Wednesday, 17 September 2014

Proofreading Tips: Lorem Ipsum and the Quick Brown Fox

Catriona Tippin

All about filler text 


Here’s a facility you may not know you have at your fingertips – placeholder or filler text. If you’re trying out a font or drafting a page layout you could find you need a sample of random text. Most word processing programs offer the option to type =lorem() and then press enter and have some garbled Latin appear. 


You can include parameters in the brackets as (p,l) with p as the number of paragraphs you want, and l as the number of lines in each of the paragraphs. Voila! As many paragraphs as you need with varying word and sentence length and a mix of letters. The ‘Latin’ concerned is a scrambled excerpt from Cicero’s 1st century BC text ‘About the Purposes of Good and Evil.’ Its use as filler text expanded in the 1960s, it was apparently chosen at random and it was popularised by ‘Letraset’. 

In that pre-digital age graphic designers used Letraset transfer sheets. Anyone old enough will recall how revolutionary Letraset was: with hundreds of fonts and graphic images on sticky sheets, and with careful positioning and burnishing, we could be instantly creative. ‘Instantly’ by the standards of the time, of course. Memories of that era still make me appreciate everything possible now. Today we change fonts on a whim, add, amend, move and remove images, etc – so useful. 

Letraset created transfer sheets using ‘lorem ipsum’ as filler text, and it became recognised as usefully meaningless. Using anything which makes sense can be distracting when the aim is to indicate ‘this is where the text goes’. Occasionally you’ll catch a glimpse of filler text (and it’s usually lorem ipsum) when a website has been freshly constructed but not finally polished. It can slip into print too, when used for placeholding but missed on the final proofread. 

The internet being the playground that it is, there are alternatives available. These include hipster ipsum (achingly hip) cupcake ipsum (calorific but garbled) and zombie ipsum (braiiins etc). They have the disadvantage of unavoidably encouraging reading, though. Filler text needs to be just that, filling but unintriguing. This is the disadvantage of the word processing programme default offering of random text when you type =rand() and then press enter. It’s a chunk of manualspeak, but a bit too readable. Older word processing versions offered the famous sentence:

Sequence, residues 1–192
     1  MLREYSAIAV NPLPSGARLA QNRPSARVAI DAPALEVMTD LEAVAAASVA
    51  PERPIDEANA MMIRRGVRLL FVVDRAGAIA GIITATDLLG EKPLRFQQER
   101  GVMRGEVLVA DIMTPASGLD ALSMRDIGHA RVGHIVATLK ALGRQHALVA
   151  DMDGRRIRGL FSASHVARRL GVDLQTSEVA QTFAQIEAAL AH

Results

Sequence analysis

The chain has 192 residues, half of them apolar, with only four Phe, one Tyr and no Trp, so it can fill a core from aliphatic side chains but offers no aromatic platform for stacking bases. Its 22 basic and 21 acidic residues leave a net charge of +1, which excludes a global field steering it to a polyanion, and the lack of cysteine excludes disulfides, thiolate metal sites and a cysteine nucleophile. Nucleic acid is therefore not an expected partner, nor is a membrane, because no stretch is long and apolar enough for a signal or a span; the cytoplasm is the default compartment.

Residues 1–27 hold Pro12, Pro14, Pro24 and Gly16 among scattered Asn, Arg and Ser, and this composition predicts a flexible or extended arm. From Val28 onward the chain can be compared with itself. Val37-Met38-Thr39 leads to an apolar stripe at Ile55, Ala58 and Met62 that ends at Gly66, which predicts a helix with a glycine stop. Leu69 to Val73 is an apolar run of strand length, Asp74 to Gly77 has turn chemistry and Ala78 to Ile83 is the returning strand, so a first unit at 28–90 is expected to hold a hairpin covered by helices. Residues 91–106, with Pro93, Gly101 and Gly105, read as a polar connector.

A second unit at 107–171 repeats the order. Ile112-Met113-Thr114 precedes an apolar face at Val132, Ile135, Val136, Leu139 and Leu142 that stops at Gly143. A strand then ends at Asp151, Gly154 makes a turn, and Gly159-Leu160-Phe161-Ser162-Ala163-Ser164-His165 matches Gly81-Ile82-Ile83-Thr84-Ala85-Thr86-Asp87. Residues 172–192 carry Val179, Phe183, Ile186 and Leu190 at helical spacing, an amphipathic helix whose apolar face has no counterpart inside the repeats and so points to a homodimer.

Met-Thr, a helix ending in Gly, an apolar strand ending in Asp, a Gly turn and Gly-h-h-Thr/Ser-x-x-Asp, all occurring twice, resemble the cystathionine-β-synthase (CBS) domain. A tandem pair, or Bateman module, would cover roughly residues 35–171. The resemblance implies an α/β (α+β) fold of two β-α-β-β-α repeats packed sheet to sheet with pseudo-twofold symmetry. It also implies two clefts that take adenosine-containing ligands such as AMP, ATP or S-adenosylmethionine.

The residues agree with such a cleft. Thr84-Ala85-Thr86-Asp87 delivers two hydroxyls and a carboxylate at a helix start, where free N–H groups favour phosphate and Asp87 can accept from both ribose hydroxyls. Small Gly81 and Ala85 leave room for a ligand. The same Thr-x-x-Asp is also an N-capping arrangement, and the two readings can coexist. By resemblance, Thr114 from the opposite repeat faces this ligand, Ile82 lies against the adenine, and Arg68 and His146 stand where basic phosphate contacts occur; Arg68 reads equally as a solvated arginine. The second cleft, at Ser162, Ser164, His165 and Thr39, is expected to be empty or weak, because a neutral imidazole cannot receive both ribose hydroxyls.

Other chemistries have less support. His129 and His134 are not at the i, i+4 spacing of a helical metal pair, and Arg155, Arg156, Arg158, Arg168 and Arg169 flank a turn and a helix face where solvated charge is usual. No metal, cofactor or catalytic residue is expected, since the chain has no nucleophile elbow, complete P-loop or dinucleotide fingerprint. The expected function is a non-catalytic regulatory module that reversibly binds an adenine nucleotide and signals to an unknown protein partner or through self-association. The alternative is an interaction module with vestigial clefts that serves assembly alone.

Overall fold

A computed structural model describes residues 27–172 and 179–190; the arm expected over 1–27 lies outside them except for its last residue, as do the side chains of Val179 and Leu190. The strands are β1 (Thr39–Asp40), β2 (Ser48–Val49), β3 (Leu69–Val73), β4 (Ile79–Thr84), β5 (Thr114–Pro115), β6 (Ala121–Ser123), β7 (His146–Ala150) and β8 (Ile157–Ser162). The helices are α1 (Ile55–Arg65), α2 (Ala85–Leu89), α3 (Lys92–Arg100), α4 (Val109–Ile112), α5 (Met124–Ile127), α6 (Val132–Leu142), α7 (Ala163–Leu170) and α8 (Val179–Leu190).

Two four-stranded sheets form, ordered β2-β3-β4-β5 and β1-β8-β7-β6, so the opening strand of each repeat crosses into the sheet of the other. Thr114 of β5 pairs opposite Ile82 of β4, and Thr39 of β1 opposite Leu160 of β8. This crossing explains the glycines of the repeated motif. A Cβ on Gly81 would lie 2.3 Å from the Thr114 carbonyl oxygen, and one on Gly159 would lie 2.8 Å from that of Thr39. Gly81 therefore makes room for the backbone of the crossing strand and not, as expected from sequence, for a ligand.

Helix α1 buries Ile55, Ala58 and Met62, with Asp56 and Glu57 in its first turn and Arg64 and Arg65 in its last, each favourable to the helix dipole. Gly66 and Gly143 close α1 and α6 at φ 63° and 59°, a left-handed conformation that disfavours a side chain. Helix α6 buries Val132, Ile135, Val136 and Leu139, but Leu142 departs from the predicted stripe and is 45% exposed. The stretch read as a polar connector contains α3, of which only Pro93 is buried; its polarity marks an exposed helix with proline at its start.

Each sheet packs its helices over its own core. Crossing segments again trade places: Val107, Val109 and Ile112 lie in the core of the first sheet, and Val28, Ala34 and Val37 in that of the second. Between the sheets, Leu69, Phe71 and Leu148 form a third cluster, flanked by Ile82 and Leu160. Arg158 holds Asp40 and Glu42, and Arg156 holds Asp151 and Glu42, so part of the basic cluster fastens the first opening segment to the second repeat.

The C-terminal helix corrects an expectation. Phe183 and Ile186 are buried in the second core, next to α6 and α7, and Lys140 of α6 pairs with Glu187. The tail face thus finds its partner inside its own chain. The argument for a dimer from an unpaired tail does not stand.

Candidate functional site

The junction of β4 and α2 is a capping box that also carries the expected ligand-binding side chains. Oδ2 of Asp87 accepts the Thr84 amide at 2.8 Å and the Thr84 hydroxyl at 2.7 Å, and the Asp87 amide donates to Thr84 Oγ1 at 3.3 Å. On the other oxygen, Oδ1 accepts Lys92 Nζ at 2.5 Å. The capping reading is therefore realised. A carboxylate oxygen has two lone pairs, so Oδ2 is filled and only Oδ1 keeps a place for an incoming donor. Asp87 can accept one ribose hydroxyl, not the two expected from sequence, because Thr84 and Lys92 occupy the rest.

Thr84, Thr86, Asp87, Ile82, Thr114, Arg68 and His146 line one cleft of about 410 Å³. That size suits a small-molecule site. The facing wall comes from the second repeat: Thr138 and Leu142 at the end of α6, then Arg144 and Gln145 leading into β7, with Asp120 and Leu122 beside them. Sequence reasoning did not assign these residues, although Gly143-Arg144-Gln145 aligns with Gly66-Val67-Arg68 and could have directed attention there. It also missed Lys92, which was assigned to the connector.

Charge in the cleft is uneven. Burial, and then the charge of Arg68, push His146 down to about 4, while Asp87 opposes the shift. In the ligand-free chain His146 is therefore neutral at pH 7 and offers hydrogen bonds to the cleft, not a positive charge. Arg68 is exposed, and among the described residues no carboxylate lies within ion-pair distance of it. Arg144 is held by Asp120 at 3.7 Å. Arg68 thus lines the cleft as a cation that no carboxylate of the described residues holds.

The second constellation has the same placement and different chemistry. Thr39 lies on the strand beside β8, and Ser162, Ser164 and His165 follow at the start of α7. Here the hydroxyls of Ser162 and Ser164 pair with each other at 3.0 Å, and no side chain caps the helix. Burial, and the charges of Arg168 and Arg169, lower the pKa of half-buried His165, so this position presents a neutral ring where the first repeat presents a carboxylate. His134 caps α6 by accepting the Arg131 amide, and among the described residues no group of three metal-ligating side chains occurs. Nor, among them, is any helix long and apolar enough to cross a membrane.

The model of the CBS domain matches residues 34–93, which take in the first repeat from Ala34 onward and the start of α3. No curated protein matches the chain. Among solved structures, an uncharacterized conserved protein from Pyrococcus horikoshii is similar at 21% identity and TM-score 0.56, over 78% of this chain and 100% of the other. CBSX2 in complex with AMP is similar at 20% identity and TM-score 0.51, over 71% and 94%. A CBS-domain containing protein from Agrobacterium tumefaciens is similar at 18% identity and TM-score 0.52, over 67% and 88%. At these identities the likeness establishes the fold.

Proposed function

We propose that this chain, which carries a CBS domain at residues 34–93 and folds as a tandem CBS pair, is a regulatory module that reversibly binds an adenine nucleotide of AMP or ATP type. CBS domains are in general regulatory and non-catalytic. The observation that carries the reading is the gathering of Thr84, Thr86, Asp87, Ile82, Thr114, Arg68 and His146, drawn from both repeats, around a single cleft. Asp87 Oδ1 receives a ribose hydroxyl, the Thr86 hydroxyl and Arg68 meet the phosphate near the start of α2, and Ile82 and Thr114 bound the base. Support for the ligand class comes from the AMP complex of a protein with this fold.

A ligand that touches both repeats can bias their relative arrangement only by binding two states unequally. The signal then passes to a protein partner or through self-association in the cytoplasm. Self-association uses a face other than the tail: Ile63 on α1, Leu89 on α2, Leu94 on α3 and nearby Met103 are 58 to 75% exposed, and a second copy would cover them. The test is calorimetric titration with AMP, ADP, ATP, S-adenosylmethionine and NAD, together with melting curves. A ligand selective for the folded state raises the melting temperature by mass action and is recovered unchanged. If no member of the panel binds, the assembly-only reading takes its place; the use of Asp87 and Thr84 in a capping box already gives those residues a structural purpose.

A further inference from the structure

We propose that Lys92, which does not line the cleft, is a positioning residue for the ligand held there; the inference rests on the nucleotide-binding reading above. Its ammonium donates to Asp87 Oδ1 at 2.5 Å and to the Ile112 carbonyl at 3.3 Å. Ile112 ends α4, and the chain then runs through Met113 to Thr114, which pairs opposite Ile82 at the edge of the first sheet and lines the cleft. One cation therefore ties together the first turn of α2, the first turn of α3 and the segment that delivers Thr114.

The quick brown fox jumps over the lazy dog. 

This is a ‘pangram’ – it includes every letter in the alphabet used at least once so it’s useful for seeing how a font looks. You can still find it when you type =rand.old() and then press enter. Both these ‘rand’ commands can have quantities of paragraphs and lines (p,l) included in the equation. Did you know there’s an even shorter sentence with every letter in the alphabet?: 

Pack my box with five dozen liquor jugs. 

Good, eh? So there you go, an assortment of commands for conjuring up placeholder text. As well as helping in the design of a page layout, you never know, hitting enter and seeing all that text pop up might shift writer’s block. Or save you typing ‘All work and no play makes Jack a dull boy’ over and over and over again... 

Note on the thumbnail: this quick brown fox appears over the door of The Fox, a popular pub in Holgate, York, and dates from 1878.

Catriona Tippin aka @ProofReadingTip will be back next month with more proofreading tips. 

To see previous tips, click on this proofreading link.



Catriona Tippin has been a member of SCBWI since 2006 and helps organise venues for SCBWI North East. Details of her writing and illustrating here. She proofreads study guides, house magazines and publicity material for two national educational charities, in addition to working on a variety of proofreads and copyedits for the growing self-published world. Her monthly column is intended to give you food for thought, remembering “Any correction of the speech or writing of others will contain at least one grammatical, spelling or typographical error” (McKean’s Law, named after its inventor Erin McKean, editor of the Oxford American Dictionary). 

5 comments:

  1. Thank Catriona! Had fun just know trying out 'Pack my box..." on Myfonts.com I often like to anchor my illustrations or picture book projects with a font I like..or even make using Youfonts.com. Useful!

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    Replies
    1. 'Pack my box...' is a good oath or expression of surprise, isn't it? "Well, pack my box with five dozen liquor jugs!" Example of imperative mood too.

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  2. Really interesting, Catriona. I'm sure there's something in the fact that filler text unravelled is all about the purposes of good and evil...
    Feels like something to ponder.

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  3. The gist of the 'latin' includes a garbled bit about toil and pain sometimes being worth it for the end result! Wise words. Especially for writers. Cicero is also credited with the quote "Times are bad. Children no longer obey their parents, and everyone is writing a book."

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  4. You did really good work. I really appreciate your new and different post. Please guys keep it up and share with us some unique post in the future dissertation proofreading service

    ReplyDelete

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